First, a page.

Real inner-product in python

Nadav Horesh NadavH at VisionSense.com
Wed Jan 22 10:49:25 CET 2003


Whats about:

 >>> c = N.reshape(N.arange(12), (3,2,2))
 >>> b = N.arange(3)
 >>> N.dot(b,c)
Traceback (most recent call last):
  File "<pyshell#18>", line 1, in ?
    N.dot(b,c)
  File "/usr/local/lib/python2.3/site-packages/Numeric/Numeric.py", line 
335, in dot
    return multiarray.matrixproduct(a, b)
ValueError: matrices are not aligned

**** but:
 >>> a = N.arange(2)
 >>> N.dot(a,c)
array([[2, 3],
       [4, 5],
       [6, 7]])
 >>> N.dot(c,a)
array([[ 1,  3],
       [ 5,  7],
       [ 9, 11]])

As I see inner product between two tensors --- A of rank $n$ and B of 
rank $m$ it should be like
(in TeX style):
$$
  C = A \cdot B
$$
requires:

1.  The last dimension of A must be equal to the first dimension of B, 
and ...
2.
$$
  C_{p_1, ... p_{m-1},q_2, ... q_n} = \sum_{i=1}^{q_1} A_{p_1, ... 
p_{m-1},i} B_{i, q_2, ... q_{n}}
$$

Thus, I don't see the *dot* function as a proper inner product.

  Nadav


Chad Netzer wrote:

>On Saturday 18 January 2003 22:56, Nadav Horesh wrote:
>  
>
>>Is there a package/routine that implements inner-product for arrays
>>with rank>2?
>>    
>>
>
>  
>
>>I read in an old thread (1995) a thought to implement an APL-like dot
>>(.) operator  in Numeric package (add.inner.subtract <=> +.-) does
>>anyone know about an implementation of  the idea?
>>    
>>
>
>Numeric does have dot(), and it may do exactly what you want.  Here's 
>an example with 1, 2, and 3 dimensional arrays:
>
>$ python
>Python 2.2.2 (#1, Jan  3 2003, 12:42:27)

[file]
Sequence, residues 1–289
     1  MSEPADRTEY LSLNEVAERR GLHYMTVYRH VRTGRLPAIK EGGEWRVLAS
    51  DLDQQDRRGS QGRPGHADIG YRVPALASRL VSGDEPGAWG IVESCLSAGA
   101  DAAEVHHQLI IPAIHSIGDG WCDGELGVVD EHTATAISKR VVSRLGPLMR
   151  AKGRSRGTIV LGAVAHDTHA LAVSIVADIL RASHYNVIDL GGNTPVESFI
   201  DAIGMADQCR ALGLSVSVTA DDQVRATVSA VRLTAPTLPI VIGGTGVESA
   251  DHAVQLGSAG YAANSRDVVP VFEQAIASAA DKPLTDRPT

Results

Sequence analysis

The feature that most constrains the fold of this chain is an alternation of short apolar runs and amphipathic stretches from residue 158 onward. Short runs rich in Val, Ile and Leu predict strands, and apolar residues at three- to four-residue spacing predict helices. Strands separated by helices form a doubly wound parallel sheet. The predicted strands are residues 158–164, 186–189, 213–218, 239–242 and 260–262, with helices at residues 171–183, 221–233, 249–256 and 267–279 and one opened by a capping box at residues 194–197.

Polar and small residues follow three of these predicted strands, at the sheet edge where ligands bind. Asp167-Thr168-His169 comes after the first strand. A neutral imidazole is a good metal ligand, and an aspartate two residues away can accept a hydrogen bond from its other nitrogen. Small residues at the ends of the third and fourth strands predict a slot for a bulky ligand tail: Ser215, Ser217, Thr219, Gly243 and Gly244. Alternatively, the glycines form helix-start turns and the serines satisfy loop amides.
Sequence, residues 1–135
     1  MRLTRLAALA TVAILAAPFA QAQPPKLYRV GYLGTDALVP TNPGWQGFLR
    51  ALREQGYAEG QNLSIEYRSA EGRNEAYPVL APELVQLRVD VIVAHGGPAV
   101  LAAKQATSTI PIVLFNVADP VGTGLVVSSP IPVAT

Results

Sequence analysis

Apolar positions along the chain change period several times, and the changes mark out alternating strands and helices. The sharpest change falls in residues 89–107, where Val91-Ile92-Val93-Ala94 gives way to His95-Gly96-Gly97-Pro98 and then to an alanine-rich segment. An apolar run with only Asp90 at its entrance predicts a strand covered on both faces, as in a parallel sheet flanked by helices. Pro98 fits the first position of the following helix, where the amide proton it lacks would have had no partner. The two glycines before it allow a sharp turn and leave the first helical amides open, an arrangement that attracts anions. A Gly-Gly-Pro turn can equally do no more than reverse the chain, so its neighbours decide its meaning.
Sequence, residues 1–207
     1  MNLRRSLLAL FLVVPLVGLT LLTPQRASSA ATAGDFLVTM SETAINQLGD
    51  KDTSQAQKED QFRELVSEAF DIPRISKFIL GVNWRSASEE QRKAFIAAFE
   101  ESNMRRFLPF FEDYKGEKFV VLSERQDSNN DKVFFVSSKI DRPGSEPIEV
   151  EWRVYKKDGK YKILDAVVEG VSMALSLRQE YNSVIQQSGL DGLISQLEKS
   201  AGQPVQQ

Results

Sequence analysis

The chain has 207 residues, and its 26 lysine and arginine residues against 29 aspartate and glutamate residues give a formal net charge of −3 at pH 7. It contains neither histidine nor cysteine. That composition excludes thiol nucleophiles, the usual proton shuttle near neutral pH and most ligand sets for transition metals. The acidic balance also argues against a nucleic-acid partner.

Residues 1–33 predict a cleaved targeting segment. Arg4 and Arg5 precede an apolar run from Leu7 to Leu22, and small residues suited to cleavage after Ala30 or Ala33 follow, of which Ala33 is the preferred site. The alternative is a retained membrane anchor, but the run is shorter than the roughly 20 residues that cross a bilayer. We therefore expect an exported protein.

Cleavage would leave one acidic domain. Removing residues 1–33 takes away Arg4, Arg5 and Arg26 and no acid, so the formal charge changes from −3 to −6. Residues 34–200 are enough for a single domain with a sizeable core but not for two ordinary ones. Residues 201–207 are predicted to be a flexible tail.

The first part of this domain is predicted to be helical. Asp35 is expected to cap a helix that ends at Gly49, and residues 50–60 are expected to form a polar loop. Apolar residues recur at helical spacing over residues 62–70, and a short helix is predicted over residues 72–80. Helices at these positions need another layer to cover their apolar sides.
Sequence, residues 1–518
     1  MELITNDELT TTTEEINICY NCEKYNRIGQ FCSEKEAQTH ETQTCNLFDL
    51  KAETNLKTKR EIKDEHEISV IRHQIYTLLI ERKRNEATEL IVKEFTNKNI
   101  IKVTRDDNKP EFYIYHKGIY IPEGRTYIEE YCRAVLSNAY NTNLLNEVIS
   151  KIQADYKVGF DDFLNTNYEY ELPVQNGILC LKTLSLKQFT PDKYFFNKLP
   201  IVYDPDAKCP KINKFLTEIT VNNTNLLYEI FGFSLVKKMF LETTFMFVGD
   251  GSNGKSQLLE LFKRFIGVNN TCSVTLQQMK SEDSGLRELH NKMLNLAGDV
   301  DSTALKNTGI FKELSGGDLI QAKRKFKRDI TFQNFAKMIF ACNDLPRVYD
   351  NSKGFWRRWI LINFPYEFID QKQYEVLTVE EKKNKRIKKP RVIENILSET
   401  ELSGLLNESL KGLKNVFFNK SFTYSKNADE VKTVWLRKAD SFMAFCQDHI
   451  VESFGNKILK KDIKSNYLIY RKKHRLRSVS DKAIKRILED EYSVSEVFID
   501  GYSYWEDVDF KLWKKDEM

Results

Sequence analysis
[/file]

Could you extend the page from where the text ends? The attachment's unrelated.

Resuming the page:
>  
>
>>>>import Numeric as Num
>>>>        
>>>>
>
>  
>
>>>>a = Num.array( [1,2,3] )
>>>>b = Num.array( [a, a+3,a+6])
>>>>c = Num.array( [b, b+10, b+20] )
>>>>        
>>>>
>
>  
>
>>>>Num.rank(a)    
>>>>        
>>>>
>1
>  
>
>>>>Num.rank(b)
>>>>        
>>>>
>2
>  
>
>>>>Num.rank(c)
>>>>        
>>>>
>3
>
>  
>
>>>>Num.dot(a,a)
>>>>        
>>>>
>14
>
>  
>
>>>>Num.dot(b,a)
>>>>        
>>>>
>array([14, 32, 50])
>
>  
>
>>>>Num.dot(a,b)
>>>>        
>>>>
>array([30, 36, 42])
>
>  
>
>>>>Num.dot(b,b)
>>>>        
>>>>
>array([[ 30,  36,  42],
>       [ 66,  81,  96],
>       [102, 126, 150]])
>
>  
>
>>>>Num.dot(c,a)
>>>>        
>>>>
>array([[ 14,  32,  50],
>       [ 74,  92, 110],
>       [134, 152, 170]])
>
>  
>
>>>>Num.dot(a,c)
>>>>        
>>>>
>array([[30, 36, 42],
>       [51, 57, 63],
>       [71, 77, 83]])
>
>  
>
>>>>Num.dot(c,b)
>>>>        
>>>>
>array([[[ 30,  36,  42],
>        [ 66,  81,  96],
>        [102, 126, 150]],
>       [[150, 186, 222],
>        [186, 231, 276],
>        [222, 276, 330]],
>       [[270, 336, 402],
>        [306, 381, 456],
>        [342, 426, 510]]])
>
>  
>
>>>>Num.dot(b,c)
>>>>        
>>>>
>array([[[ 30,  36,  42],
>        [ 51,  57,  63],
>        [ 71,  77,  83]],
>       [[ 66,  81,  96],
>        [117, 132, 147],
>        [167, 182, 197]],
>       [[102, 126, 150],
>        [183, 207, 231],
>        [263, 287, 311]]])
>
>etc...
>
>
>Is that all you need?
>
>  
>
>>  Nadav.
>>    
>>
>
>  
>







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